Staff Communication: The Secret Isn’t Words

By Leon Noone 

Managers are the biggest single cause of poor communication with employees. This idea isn’t new. Jack Welch said so long ago. He was Chairman and CEO of General Electric from 1980 to 2001.

What Jack Welsh Said

In an interview with the Harvard Business Review while CEO of GE, he said…

“Insecure managers create complexity. Frightened, nervous managers use thick, convoluted planning books and busy slides filled with everything they’ve known since childhood… People must have the self-confidence to be clear and precise; to be sure that every person in the organization – highest to lowest – understands what the business is trying to achieve… People worry that if they’re simple, people will think they’re simple-minded. In reality of course, it’s just the reverse.”

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The Vital Secret

Successful staff communication is the transfer of understanding. That’s the vital secret. If your staff don’t understand what you’re saying or writing, you’ll have poor communication. And you’ll be responsible.

Not Only Jack…

My first job as a specialist trainer was in a multinational mining and chemical refining company back in 1971. Among other programs, we ran the stock-standard Supervisor Training courses that were popular 40 years ago. My boss was Peter Brougham. He was an industrial chemist by profession. When talking to supervisors about staff communication he emphasized three things.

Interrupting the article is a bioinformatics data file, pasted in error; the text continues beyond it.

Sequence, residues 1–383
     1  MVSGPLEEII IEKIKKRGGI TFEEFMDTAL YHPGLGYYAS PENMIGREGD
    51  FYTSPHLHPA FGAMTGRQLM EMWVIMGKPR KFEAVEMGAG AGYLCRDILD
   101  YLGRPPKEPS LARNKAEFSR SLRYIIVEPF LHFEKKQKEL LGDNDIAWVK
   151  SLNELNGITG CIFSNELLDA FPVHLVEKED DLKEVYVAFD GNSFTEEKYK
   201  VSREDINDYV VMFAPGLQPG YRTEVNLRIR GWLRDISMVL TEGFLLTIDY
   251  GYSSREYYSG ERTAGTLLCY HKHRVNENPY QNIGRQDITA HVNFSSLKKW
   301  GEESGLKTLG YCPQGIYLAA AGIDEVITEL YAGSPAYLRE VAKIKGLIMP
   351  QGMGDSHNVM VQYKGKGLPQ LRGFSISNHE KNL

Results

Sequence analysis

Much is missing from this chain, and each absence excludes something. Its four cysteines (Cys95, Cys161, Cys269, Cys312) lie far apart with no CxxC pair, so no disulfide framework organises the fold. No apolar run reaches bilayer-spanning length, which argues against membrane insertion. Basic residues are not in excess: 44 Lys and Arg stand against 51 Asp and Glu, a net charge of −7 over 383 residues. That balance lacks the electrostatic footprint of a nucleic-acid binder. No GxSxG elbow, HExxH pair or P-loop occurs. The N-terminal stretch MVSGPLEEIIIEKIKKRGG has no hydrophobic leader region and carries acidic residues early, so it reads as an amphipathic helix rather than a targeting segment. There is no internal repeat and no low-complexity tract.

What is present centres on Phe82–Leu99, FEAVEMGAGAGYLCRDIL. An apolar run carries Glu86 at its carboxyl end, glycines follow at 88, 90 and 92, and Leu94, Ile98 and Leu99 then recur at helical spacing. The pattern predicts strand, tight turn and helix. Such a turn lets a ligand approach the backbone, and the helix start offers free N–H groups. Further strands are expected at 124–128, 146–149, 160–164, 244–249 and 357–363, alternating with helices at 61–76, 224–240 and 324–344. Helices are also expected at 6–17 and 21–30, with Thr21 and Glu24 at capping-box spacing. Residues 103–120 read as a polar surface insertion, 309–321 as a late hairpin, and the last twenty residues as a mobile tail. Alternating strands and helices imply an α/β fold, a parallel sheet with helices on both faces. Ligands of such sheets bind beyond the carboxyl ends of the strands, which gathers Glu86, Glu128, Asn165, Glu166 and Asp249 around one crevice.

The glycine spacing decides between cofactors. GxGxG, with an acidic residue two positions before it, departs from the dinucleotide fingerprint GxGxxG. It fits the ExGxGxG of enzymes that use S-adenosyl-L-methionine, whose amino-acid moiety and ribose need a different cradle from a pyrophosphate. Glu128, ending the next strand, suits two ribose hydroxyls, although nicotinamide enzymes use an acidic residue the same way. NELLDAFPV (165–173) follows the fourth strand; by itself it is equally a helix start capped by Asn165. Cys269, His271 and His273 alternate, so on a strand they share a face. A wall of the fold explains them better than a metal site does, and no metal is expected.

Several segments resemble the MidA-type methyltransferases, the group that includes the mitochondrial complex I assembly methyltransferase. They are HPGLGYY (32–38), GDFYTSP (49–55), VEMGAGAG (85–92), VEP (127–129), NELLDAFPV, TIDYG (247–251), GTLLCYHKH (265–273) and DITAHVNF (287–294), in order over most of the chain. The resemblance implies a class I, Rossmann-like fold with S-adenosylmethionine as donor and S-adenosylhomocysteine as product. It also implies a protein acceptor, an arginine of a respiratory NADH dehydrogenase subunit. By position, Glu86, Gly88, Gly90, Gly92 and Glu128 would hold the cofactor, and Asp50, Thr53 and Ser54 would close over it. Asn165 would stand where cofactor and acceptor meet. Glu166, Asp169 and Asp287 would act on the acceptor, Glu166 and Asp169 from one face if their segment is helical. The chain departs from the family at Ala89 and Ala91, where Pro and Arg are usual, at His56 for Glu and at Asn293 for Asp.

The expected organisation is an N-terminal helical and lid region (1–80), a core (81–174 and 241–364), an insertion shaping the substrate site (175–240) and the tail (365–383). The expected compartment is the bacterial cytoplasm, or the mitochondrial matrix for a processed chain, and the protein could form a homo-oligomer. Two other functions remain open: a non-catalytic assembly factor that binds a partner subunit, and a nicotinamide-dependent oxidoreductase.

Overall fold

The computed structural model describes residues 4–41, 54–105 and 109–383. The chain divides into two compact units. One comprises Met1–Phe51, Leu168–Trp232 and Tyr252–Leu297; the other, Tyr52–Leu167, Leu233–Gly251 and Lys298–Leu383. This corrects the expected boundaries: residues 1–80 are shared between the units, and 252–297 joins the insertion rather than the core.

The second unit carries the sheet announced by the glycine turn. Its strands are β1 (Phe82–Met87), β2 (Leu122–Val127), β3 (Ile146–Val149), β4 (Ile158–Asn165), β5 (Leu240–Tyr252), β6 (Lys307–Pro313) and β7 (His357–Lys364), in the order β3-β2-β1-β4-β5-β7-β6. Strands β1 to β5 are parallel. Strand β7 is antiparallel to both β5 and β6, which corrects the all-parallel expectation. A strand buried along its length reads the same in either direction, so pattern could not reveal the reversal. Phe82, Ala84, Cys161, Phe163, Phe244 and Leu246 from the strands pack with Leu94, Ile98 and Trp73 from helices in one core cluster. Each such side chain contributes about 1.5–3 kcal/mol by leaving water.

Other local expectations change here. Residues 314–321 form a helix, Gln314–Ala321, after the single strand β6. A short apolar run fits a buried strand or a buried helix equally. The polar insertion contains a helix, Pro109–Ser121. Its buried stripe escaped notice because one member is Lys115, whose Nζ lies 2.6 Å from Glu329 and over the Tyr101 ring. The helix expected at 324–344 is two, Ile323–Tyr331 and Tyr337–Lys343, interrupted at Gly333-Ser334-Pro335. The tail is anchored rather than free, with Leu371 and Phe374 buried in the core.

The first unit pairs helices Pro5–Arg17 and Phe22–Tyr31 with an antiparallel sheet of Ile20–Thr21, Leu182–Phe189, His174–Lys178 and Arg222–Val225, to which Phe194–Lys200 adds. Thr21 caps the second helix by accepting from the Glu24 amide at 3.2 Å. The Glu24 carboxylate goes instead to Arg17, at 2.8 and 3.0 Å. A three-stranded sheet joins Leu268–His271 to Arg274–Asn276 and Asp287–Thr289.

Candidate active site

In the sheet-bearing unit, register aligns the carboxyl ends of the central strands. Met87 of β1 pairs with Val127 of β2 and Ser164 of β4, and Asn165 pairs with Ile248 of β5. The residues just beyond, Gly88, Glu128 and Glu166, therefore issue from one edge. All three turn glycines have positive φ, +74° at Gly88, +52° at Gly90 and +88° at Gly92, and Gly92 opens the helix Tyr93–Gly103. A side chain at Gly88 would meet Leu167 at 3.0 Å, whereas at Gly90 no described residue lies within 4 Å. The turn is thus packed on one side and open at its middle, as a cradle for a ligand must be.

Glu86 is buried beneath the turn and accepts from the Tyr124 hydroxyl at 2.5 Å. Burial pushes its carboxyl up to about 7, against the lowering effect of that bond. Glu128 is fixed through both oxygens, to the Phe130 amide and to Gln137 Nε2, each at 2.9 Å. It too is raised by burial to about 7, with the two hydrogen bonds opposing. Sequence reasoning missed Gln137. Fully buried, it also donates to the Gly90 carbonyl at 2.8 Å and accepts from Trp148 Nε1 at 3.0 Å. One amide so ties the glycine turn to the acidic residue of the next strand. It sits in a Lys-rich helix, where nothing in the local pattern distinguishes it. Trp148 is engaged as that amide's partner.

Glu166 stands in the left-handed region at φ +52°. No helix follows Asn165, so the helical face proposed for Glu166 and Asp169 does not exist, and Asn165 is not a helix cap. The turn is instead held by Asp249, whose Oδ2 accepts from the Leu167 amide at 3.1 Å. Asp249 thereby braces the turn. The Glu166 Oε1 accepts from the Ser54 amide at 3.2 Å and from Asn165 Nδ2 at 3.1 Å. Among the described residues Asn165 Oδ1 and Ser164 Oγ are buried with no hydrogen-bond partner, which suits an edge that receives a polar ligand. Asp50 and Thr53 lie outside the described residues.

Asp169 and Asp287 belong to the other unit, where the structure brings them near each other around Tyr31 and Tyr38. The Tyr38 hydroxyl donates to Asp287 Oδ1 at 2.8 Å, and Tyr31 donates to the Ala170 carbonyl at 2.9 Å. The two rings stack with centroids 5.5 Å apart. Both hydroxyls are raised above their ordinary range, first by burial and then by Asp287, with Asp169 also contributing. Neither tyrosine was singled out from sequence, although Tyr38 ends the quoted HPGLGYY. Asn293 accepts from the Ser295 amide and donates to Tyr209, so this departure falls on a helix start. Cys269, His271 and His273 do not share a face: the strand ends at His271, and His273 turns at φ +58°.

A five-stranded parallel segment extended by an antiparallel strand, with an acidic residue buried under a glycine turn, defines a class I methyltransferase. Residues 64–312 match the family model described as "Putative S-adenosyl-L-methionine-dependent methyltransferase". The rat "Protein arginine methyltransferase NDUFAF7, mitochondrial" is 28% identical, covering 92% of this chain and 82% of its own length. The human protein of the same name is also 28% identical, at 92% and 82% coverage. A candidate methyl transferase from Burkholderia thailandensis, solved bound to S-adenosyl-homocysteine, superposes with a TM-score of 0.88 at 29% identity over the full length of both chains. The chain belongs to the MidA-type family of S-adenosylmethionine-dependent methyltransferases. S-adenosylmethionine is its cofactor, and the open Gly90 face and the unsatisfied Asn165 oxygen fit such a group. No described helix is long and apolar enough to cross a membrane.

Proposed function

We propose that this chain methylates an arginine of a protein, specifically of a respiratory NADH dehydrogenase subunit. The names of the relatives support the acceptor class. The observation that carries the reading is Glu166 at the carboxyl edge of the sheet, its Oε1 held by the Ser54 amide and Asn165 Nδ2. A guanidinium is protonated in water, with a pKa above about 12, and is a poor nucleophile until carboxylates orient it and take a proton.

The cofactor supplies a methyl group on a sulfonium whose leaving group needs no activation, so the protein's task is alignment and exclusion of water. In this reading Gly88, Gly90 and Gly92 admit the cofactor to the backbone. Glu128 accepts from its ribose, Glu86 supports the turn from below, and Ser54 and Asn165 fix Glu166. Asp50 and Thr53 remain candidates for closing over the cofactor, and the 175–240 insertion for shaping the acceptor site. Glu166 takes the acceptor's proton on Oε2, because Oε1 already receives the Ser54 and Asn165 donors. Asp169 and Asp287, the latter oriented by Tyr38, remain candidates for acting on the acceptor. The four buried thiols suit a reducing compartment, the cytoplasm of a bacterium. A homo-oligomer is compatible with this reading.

· We think in pictures

· The purpose of communication is to transfer the picture in your head into the head of your listener or reader

· The opinions that people hold are facts to them.

Flat Earth Or Round?

Let’s say you have a colleague who believes that the earth is flat. You won’t get far by producing lots of compelling and cogent reasons that prove the earth to be round – or spherical if you want to be pedantic. This approach may even create greater resistance! You may win the argument but fail to communicate.

No! You’ll need to work with the picture your colleague already holds: that the earth is flat. Then you’ll need to provide a picture that they can accept of a “round” world. And they must “understand” the difference in their terms.

Communications and Logic

Your colleague will not accept your “round” world position merely because you have the better argument. There’s more than logic and power involved in effective communications.

Mind What Another Jack Said…

Another Jack, Jack Trout, suggests five statements to consider when communicating with staff.

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